Budget negotiations enter final crunch period in State House

Monitor staff
Published: 9/7/2019 9:38:52 PM

After months of talks, the race to get a budget deal for New Hampshire is entering the final stretch.

Top lawmakers in the House and Senate met with Gov. Chris Sununu twice this week – on Wednesday and Thursday – and they plan to meet again Monday, according to Senate Finance Chairman Lou D’Allesandro.

But time is running out. The three-month stop-gap funding mechanism known as the continuing resolution is nearing its end. That resolution, designed to keep state operations going long enough to buy time for a budget deal, will end Sept. 30.

Democratic negotiators, including D’Allesandro, Senate President Donna Soucy, House Speaker Steve Shurtleff, and House Finance Chairwoman Mary Jane Wallner, now have a matter of days to find agreement with Gov. Chris Sununu on a range of thorny issues.

Or maybe weeks. Depending on how legislators choose to amend the rules and rearrange their schedules, the negotiating team could keep pushing off decision time to the end of the month if they chose.

Here are the options:

All 424 House and Senate members are next meeting at the State House on Sept. 18 and 19, respectively, to vote on whether to override a slew of gubernatorial vetoes.

Under traditional circumstances, getting a hypothetical compromise budget to those bodies in time for those sessions would require the parties to find agreement by Thursday, Sept. 12. That way, civil servants in the Legislative Budget Assistant office have time to record the final agreements and stitch them into a workable bill.

If they can’t get that in time, they could keep negotiating right up to the day before Veto Day, and submit the final budget as a late item.

That’s what happened in 2015, when then-Democratic-Gov. Maggie Hassan had vetoed a Republican budget containing tax reductions she opposed. The parties came to a compromise, rushed it off through the legislative lawyers, and passed it on to lawmakers the next day.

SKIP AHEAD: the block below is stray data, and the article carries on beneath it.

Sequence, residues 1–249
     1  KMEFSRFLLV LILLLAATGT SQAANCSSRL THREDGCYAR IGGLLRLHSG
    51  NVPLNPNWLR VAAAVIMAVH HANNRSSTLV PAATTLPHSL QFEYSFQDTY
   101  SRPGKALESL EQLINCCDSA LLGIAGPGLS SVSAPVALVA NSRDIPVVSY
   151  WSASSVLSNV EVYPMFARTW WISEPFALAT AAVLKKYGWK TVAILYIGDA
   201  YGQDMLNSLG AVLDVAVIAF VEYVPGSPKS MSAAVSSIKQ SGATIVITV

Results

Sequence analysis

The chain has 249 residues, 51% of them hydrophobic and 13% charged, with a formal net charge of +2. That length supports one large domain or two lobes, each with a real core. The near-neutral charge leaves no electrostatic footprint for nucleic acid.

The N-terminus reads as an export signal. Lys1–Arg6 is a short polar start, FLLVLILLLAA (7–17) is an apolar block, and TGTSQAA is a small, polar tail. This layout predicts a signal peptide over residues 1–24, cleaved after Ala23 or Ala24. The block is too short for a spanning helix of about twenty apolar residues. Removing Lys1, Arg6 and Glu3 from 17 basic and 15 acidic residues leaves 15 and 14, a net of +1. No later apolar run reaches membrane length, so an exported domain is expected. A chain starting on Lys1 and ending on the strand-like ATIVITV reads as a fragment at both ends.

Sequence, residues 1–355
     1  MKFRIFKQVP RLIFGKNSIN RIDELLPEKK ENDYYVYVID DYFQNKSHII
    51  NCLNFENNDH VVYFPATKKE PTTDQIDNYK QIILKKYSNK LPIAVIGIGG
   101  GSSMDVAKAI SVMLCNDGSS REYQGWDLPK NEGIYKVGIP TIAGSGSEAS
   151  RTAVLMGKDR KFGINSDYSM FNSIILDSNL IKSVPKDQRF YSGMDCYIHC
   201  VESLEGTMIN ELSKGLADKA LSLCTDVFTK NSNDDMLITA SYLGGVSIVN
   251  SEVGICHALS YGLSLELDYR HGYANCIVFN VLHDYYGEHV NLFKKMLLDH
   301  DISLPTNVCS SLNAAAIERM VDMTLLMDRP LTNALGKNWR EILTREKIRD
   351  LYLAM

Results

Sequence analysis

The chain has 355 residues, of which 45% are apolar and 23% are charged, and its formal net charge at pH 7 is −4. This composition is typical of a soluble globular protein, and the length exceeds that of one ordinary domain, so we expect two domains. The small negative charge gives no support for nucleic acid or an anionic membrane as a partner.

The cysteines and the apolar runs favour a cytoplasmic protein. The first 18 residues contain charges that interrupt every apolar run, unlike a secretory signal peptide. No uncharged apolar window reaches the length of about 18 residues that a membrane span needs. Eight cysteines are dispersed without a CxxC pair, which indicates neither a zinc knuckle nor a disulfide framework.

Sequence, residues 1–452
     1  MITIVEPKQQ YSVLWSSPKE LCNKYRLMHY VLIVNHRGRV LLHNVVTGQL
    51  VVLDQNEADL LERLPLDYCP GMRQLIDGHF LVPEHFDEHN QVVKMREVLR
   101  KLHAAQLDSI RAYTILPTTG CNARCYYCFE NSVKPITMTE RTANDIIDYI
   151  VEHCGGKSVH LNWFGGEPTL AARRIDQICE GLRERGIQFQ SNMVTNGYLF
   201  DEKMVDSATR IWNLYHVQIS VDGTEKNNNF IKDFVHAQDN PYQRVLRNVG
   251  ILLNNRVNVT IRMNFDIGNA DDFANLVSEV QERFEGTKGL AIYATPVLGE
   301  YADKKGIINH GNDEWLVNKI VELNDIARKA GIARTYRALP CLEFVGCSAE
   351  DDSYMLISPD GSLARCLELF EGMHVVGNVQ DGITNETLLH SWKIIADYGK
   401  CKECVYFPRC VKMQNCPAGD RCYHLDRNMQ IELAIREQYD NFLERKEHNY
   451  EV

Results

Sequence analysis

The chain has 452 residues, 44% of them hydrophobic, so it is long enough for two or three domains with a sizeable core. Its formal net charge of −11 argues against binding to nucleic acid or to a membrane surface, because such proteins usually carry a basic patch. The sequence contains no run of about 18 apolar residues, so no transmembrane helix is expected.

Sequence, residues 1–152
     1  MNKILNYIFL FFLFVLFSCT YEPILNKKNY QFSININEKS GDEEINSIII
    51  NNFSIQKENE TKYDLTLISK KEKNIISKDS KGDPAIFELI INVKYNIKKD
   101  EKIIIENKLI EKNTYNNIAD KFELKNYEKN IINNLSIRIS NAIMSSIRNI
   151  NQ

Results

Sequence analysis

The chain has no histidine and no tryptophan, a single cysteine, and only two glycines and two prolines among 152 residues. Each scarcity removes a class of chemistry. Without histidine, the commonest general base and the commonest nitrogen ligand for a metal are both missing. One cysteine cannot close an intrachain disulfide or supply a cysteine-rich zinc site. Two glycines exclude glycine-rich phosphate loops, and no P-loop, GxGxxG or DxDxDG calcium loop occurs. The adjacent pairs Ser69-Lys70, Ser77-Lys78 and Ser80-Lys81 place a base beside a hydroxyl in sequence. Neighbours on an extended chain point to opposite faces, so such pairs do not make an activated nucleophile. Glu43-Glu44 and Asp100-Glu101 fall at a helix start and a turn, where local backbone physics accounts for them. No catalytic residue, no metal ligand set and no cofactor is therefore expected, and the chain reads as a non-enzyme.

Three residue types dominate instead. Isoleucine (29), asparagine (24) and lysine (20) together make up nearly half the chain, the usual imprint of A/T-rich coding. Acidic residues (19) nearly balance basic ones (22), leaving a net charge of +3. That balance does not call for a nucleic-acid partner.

But suppose it’s Sept. 17th and they still haven’t managed to reconcile the numerous gaps in positions – on tax rates, on Medicaid provider payments, on spending levels overall. In that case, they still have options.

They could give up, and use the “Veto Day” sessions to extend the deadline by passing a second continuing resolution, buying more time but creating headaches – particularly for towns relying on grant funding. Or, they could roll the dice again, schedule an emergency session sometime before Sept. 30 and hope for a future agreement.

So maybe the stakes are high for Monday’s meeting – or maybe they’re not high at all. Either way, those in the negotiations have remained characteristically tight-lipped about the prospects of success.

“We’re working on it,” said Wallner on Thursday. “But I can’t say anything yet.”

D’Allesandro was equally circumspect.

“We’ll find out on Monday,” he told reporters Thursday.

Will Monday be a big day?

“Monday’s always a big day!” he replied. “It’s the first day of the week!”

A joint statement from the House Speaker and Senate President on Friday shed even less light: “Negotiations continue to be productive and we are getting closer to a budget deal,” the two said.

And here was Sununu’s office after the meeting Wednesday: “Talks continued to be productive, but more work remains to be done in the coming days.”

Amid Cuban Missile Crisis-levels of caution, anything could be talked about in the governor’s small quarters, but no one would know it. And, of course, negotiators hope to keep it that way: The less is publicly stated throughout this process, the more candid the proposals can be, they say.

But so far, what has been released publicly has demonstrated only modest concessions. Back in June, a week and a half before vetoing the budget, Sununu told reporters that he would consider giving in on one component of the planned business tax cuts: He would consider freezing the business profits tax at 7.7% – its current level – and canceling the planned 2021 decrease to 7.5%.

In August, Democrats, who want to set and keep the rate at 7.9%, proposed issuing a tax credit to businesses who have already paid at 7.7% this year – a proposal leaked to the press by a lawmaker.

Later that month, Sununu issued a letter to school administrators and towns outlining a minor give on education funding: $25 million into a fiscal capacity disparity aid formula favored by Democrats, compared to their $50 million. Both proposals are a step above zero.

None of these concessions appear to be the pièce de résistance toward agreement. And in most of the concessions so far, the side leaking the proposal was hoping for political gain – to the chagrin of the other side.

Now that parties are being more tightlipped, the public is more in the dark than ever. But that could be the surest sign yet of a compromise.

(Ethan DeWitt can be reached at 369-3307, edewitt@cmonitor.com or on Twitter at @edewittNH.)


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